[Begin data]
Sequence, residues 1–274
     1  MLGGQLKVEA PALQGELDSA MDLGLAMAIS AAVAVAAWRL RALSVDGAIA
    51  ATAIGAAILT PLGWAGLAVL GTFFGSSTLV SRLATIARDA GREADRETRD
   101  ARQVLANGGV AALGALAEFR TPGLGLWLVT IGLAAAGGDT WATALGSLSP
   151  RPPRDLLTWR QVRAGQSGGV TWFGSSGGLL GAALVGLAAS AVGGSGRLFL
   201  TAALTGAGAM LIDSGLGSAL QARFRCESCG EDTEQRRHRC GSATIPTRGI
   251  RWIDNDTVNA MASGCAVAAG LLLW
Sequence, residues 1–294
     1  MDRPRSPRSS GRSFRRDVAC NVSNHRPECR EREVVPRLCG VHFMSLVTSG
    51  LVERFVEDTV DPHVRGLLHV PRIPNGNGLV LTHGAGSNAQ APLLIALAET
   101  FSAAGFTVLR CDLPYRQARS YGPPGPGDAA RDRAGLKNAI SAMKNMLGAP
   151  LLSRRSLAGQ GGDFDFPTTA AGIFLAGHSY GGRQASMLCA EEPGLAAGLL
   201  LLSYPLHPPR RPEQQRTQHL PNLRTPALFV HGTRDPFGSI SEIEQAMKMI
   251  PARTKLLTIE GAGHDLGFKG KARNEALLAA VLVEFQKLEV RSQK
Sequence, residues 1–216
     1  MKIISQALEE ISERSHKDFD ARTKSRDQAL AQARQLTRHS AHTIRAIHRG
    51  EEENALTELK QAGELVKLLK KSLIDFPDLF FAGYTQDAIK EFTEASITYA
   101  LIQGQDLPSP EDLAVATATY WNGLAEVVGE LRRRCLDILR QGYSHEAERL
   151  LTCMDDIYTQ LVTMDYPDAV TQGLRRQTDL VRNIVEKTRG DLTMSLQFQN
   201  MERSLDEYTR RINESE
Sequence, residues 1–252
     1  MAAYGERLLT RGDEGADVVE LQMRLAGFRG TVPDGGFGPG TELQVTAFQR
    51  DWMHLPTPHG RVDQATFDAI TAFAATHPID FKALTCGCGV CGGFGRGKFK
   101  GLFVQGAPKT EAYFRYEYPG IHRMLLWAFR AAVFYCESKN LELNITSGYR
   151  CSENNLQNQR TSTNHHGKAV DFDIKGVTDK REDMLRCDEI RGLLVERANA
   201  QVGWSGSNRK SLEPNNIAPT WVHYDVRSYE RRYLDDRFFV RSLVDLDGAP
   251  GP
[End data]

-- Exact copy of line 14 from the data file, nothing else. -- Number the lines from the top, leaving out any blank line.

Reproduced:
   251  PARTKLLTIE GAGHDLGFKG KARNEALLAA VLVEFQKLEV RSQK